Microsoft Tells Congress To Reform U.S. Patent Laws
Microsoft wants Congress to reform the U.S. patent laws by focusing on five issues that intellectual property stakeholders most want, according to the company's legal counsel.
The reform concept was floated today in a blog post by Brad Smith, Microsoft's senior vice president and general counsel, and Horatio Gutierrez, Microsoft's corporate vice president and deputy general counsel. They contended that the courts have been handling controversial legal details associated with patents and that the Congress should not get distracted by seeking reform in those areas.
According to the blog, those controversial areas include "when a jury may find that the defendant willfully infringed a patent, the standard for finding a patent holder engaged in inequitable conduct, and how to calculate a reasonable royalty for damages, among others."
Instead, Smith and Gutierrez said that IP stakeholders want five patent reforms, including ensuring that the U.S. Patent and Trademark Office (USPTO) gets proper funding, establishing a "first inventor to file" patent-claims basis, "weeding out bad patents," "allowing third parties to submit prior art" in patent review cases and ending litigation concerning false patent marking on products.
The United States actually follows a "first to invent" rule in patent cases, which is different than "first inventor to file" concept, according to Andrew Updegrove, an attorney with Boston-based Gesmer Updegrove LLP. However, Updegrove, best known for his work on standards law and open source software issues, noted that he's not a patent attorney. The idea behind the first-to-invent concept is that materials may prove that someone created an invention first, even though they didn't file with the USPTO first. That approach is thought to be more fair to inventors, but it adds complexity to the patenting and legal processes, Updegrove noted.
The USPTO has a review process in place before issuing any patent. However, the issue becomes somewhat complex and subjective in the case of software, according to Updegrove, because the software invention has to be considered "novel," "useful" and "nonobvious to one skilled in the trade" to get a patent. In addition, the invention can't be inferred from "two or three previously patented inventions that could be combined into a new invention," he explained.
"Put all that together, add it to the fact that examiners have a 'budget' of time per patent and that Congress tipped the balance towards awarding, rather than denying, patents, and it's easy to see that patents, and especially patents for 'black box' technology like software, can easily issue that are either non-novel or non-obvious -- or both," Updegrove stated in an e-mail reply to questions.
Updegrove indicated that the industry widely agrees that software patents are issued too readily by the USPTO. They are too expensive to contest, so "for many defendants, it's easier to roll over and pay a low royalty."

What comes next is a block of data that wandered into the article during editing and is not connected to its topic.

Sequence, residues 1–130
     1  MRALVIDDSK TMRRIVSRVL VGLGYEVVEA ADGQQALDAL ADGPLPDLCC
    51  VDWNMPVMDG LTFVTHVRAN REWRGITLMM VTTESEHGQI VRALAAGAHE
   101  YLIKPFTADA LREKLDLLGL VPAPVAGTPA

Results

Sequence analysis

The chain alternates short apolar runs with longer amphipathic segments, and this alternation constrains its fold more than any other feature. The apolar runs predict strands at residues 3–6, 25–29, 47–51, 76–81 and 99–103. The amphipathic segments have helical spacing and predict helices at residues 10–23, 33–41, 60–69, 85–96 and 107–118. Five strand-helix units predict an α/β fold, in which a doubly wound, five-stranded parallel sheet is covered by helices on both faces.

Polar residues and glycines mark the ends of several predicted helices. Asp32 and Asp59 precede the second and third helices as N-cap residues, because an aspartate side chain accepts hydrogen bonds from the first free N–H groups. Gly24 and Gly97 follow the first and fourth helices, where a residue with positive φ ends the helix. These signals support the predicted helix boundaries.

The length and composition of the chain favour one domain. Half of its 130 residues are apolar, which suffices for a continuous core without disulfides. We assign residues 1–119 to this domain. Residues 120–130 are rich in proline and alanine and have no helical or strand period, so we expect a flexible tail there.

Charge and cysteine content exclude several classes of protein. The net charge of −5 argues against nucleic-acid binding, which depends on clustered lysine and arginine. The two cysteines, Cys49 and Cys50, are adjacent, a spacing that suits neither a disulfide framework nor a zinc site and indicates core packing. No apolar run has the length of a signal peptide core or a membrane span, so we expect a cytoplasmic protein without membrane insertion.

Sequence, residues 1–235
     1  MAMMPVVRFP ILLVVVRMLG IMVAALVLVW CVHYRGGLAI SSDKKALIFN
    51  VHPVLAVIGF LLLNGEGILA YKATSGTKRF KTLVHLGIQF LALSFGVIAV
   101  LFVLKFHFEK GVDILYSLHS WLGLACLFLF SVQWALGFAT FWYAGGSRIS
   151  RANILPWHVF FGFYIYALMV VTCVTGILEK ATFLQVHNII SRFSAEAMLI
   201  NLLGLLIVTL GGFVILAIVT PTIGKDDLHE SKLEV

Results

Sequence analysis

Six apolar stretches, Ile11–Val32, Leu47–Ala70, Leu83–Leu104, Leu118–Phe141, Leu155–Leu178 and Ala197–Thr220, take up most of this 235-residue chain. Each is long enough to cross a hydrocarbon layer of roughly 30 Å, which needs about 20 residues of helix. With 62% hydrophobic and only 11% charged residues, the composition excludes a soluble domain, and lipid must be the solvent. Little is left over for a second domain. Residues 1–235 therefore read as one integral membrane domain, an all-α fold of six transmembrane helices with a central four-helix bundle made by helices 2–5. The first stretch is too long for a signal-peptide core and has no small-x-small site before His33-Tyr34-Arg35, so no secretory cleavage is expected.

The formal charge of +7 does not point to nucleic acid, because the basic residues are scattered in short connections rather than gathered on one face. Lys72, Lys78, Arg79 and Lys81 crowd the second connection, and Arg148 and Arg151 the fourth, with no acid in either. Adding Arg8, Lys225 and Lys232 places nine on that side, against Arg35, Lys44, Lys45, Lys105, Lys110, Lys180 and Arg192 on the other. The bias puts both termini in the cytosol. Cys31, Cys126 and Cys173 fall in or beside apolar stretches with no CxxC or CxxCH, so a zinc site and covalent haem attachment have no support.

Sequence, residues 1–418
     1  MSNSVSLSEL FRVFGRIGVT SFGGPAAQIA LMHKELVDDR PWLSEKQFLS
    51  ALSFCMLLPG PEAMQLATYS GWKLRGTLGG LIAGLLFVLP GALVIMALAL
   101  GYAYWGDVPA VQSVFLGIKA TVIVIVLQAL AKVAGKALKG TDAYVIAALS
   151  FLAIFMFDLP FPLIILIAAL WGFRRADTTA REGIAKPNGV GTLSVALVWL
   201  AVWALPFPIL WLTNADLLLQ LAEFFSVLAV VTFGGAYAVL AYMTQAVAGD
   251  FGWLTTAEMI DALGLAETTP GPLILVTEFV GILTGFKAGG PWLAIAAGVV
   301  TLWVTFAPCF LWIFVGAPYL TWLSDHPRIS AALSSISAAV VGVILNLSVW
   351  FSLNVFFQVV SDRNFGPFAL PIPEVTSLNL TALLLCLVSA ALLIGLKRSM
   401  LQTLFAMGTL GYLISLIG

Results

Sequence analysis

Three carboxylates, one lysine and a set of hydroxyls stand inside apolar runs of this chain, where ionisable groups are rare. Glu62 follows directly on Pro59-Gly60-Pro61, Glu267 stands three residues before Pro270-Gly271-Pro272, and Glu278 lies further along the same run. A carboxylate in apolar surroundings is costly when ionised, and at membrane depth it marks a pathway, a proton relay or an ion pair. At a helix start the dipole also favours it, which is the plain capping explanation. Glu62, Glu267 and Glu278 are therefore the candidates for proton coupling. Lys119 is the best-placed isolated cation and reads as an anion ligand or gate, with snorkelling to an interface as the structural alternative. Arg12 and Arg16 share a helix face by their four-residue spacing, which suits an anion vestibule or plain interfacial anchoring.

Microsoft's attorneys claim in the blog that patent legal reforms are needed to address abuses that can "chill innovation, job creation and growth." However, they likely would not go so far as eliminating software patents altogether -- a view held by the Free Software Foundation in the Bilski v. Kappos case, as well as by Updegrove.
"There are many (and I incline to this view) that believe that software shouldn't be patentable at all," Updegrove stated. "Copyright and trade secrets law provide very significant protection already; it's very difficult to assess software patent applications well, and it blocks innovation. In my view, software patents stifle more innovation than they promote."
Updegrove traced the rise in software patents to venture capitalist funding during the dot-com economic bubble of the late 1990s, when just about any Internet startup company could quickly get an inflated stock market valuation.
"Indeed, until VC rounds grew during the Internet bubble years, most startups didn't bother to patent software at all," Updegrove stated.
Microsoft recently announced an outreach to open source software communities in terms of interoperability, but the company -- known for protecting its proprietary software and intellectual property in the courts -- surely won't be joining the Free Software Foundation soon. Microsoft has been largely successful in getting companies to settle in intellectual property cases even before going to court, but the company has experienced some legal hits over the years that have drawn blood. It plans to contest lower court rulings against it in the i4i case before the Supreme Court sometime this spring, a case it has lost on various appeals.
The issue up for consideration at the Supreme Court will be "the standard of judicial deference regarding prior art that was never put before the PTO," according to Microsoft's blog regarding the i4i case. In other words, Microsoft feels that the legal standard of evidence for disproving patents is too high. Microsoft is also contesting damages for infringement in intellectual property legal battles with Alcatel-Lucent and Uniloc.
Microsoft's blog praised the efforts of some Congress members in initiating patent reform efforts, without mentioning the bills involved. However, there are two complementary bills currently pending in the Senate (S.23, PDF download) and House of Representatives (H.R. 243, PDF download), both going by the name of the "Patent Reform Act of 2011." The latter House bill is purely focused on reducing damages in false marking cases. False marking occurs when a company falsely indicates "patented" or "patent pending" on a product.
Kurt Mackie is senior news producer for the 1105 Enterprise Computing Group.